Lehigh Valley Hospital - Cedar Crest
Improving the Patient and Family Experience
Crothall Healthcare provides vital support services for health care environments across the country, setting the standard for improving patient experience and satisfaction. Lehigh Valley Hospital-Cedar Crest, a 981-bed comprehensive care center, is the largest hospital in the city of Allentown, Pa., and the surrounding region which is home to more than 500,000 people. The facility’s emergency department (ED) includes a Level 1 Trauma Center seeing an average of 90,000 patients per year. Crothall units partnered up and joined with Lehigh Valley Health Network’s patient experience team to enhance the hospital’s ED environments.
Environmental service staff members are versatile individuals with a variety of responsibilities, while the new Crothall program at Lehigh Valley Hospital-Cedar Crest focused on specializing and focusing skills in one position. The concept of an emergency room concierge grew from the idea of a point of contact between hospital services and visitors. Now, the right personality drives the position, and the whole environment feels the positive difference.
“We routinely receive compliments about the concierge and what an asset she is to the emergency team,” said Laura Harner, Director of Patient Experience for Lehigh Valley Health Network. “This human touch has increased our patient satisfaction scores by increasing the comfort of our waiting area and providing dedicated staff to make patients and visitors more comfortable while they wait.”
“This has been such a relief for the clinical staff in the environment,” said Lindsay Houck, Director of Patient Care Services at Lehigh Valley Hospital-Cedar Crest. “They are truly appreciative of the support and our concierge Joanne has been such a great fit to the role.”
Knowing a Client’s Need
A positive patient experience is one of the hospital’s top goals. Lehigh Valley Hospital’s leadership were seeking innovative solutions to increase patient satisfaction in the ED. “When I heard about this effort, I approached the president of the hospital and told him Crothall had the resources to make it happen,” said Thad Vavrock, Crothall Resident Regional Director of Operations.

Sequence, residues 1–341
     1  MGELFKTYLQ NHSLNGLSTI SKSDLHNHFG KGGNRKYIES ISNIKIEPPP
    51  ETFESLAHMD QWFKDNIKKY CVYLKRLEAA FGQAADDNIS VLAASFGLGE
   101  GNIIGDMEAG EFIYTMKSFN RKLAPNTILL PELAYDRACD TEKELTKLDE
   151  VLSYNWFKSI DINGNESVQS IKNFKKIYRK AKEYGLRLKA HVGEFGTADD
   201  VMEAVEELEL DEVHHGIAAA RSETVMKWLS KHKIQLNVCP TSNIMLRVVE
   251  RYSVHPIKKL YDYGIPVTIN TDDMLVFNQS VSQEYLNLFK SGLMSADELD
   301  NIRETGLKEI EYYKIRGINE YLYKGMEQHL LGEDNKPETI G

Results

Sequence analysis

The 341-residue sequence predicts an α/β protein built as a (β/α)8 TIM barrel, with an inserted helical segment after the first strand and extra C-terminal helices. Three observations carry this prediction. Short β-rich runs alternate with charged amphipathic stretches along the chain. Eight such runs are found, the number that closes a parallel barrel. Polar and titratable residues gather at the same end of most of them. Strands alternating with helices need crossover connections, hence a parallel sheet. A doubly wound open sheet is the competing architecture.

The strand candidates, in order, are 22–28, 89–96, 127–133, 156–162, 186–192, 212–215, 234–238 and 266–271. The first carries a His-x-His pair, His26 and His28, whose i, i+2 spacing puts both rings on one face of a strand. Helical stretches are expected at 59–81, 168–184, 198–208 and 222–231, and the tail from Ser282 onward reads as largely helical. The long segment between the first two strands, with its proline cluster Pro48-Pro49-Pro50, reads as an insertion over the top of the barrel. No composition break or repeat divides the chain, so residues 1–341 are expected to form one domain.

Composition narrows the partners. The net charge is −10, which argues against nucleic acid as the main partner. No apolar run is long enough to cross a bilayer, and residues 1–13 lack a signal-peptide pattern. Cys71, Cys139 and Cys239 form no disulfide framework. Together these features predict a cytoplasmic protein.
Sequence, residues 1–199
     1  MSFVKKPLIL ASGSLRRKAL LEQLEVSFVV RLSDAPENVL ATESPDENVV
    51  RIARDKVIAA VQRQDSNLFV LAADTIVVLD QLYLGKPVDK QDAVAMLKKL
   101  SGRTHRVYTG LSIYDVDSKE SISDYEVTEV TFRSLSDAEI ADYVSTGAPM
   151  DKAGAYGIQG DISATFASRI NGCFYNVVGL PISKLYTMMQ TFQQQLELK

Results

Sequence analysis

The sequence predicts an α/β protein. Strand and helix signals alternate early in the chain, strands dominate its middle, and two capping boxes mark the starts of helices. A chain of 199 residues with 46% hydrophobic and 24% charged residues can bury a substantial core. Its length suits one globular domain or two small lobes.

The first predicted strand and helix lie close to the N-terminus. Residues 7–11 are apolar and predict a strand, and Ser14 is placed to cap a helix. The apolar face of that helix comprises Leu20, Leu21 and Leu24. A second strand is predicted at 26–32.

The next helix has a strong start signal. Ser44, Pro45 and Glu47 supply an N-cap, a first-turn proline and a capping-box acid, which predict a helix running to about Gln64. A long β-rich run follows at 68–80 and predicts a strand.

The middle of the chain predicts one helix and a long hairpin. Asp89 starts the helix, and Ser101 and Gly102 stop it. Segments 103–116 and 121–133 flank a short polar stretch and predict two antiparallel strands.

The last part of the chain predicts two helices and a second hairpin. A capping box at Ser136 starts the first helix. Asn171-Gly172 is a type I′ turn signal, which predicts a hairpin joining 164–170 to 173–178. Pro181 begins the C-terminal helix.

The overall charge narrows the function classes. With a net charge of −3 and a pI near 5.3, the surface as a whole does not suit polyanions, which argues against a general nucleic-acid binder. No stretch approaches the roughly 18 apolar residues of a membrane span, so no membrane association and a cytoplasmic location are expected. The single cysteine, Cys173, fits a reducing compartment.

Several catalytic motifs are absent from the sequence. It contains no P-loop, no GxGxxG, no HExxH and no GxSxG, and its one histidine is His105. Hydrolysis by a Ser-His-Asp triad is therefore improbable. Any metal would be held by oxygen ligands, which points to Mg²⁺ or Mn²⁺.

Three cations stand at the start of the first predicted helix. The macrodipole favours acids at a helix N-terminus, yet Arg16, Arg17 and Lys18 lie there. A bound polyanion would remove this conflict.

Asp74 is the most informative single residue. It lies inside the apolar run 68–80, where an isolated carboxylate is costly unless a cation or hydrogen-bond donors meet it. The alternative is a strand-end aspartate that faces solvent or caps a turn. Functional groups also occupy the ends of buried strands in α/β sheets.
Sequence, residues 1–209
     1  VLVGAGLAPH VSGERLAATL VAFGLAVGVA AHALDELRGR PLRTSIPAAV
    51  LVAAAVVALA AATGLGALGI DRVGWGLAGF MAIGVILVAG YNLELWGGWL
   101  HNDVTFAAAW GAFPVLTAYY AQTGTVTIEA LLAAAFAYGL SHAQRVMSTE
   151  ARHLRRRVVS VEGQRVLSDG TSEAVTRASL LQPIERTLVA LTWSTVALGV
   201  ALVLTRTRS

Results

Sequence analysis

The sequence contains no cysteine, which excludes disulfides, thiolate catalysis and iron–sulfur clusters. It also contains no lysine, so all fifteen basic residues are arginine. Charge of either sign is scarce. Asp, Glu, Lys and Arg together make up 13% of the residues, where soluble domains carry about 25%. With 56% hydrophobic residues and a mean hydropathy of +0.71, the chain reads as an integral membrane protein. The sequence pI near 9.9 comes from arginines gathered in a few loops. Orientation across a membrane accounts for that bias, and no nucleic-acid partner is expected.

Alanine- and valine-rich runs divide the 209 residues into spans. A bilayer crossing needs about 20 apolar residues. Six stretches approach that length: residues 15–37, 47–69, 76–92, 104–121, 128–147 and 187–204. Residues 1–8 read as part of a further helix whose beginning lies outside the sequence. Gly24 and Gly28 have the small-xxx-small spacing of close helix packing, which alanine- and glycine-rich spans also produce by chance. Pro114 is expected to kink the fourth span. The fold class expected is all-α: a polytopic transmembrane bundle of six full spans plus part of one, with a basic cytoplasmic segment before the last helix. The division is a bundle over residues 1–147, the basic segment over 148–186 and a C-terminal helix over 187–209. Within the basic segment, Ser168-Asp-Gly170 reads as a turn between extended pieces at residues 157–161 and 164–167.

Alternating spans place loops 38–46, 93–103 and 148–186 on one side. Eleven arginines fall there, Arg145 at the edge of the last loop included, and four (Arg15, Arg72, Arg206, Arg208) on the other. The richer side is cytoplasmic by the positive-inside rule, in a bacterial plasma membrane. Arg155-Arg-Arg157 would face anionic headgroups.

Collaboration was the key to figuring out a solution. Through a collaboration between Crothall’s onsite operations team and patient experience divisions, a program to directly address patients’ and visitors’ needs was developed with the hospital’s own guest services leadership. The team moved forward by establishing a single point of contact for patient and visitor requests: a concierge.
The Best Thing for Clinicians and Patients
The concierge helps clinical personnel stay on license. Wayfinding was becoming a challenge for clinical resources, as doctors and nurses had to stop clinical tasks to help provide directions to people. Nurses were especially targeted for patient and visitor questions while their time was some of the most valuable to clinical care.
The solution was based on the right personality. Crothall managers focused on recruiting candidates for a concierge program from within. One goal was finding someone with a strong emotional constitution, and a candidate from Crothall’s housekeeping staff in the Intensive Care Unit (ICU) quickly rose to the top.
“The nurses especially get big benefits, just from the stress of the waiting room being removed,” Melissa Williams, Crothall Regional Director of Patient Experience at Lehigh Valley Hospital. “Within a month of Crothall bringing in the concierge program, nurses were saying they had no idea how they had functioned without it.”
By the Numbers
Increase in Press Ganey Percentile Rankings
Overall Rating of ER Care: 18 in 2018 to 34 in 2019
Comfort of Waiting Area: 21 in 2018 to 29 in 2019
Courtesy Shown to Family/Friends: 28 in 2018 to 38 in 2019
Staff Cared About You as a Person: 20 in 2018 to 29 in 2019
Cleanliness of ER/ED: 17 in 2018 to 22 in 2019
Likelihood or Recommending: 20 in 2018 to 28 in 2019
Measuring Its Own Impact
The patient experience team tracked needs and the response to them. The innovations connected to the concierge program included a tracking form, which quantifies services rendered and supplies used. This began as a vital part of budgeting and planning, as Crothall was responsible for sundries such as coloring books for children and magazines for adults.
“Updates on wait time, some time with a phone charger, even a clean chair ends up mattering,” said Williams. “Our concierge is the perfect personality to keep people feeling positive beyond fulfilling that important need.”
Results that were obvious in the ED became apparent in the numbers. The concierge helped with wayfinding, the greatest responsibility by priority and volume, more than 200 times per week within three months of the program’s reintroduction. The ED staff were happy to see that key needs for patients and their supporters were being met.
Wayfinding into the Future
The concierge acts as a two-way street. Patients and visitors conveyed vital information about their experiences to the concierge, which helps develop the best possible environment for the future. “Someone mentioned there was no lactation room in the ED waiting area,” said Dan Hogan, Crothall Vice President of Operations. “That idea went to the hospital, which is now planning to install one.”
The right personality brings a human face to expansion. The concierge’s innate skills to connect with patients and their families comes with an ability to relate to clinical staff and other hospital personnel. Lehigh Valley Hospital is considering a plan to expand its ED by a capacity of 100 or more, and an expanded Crothall concierge staff may be an essential part of its success.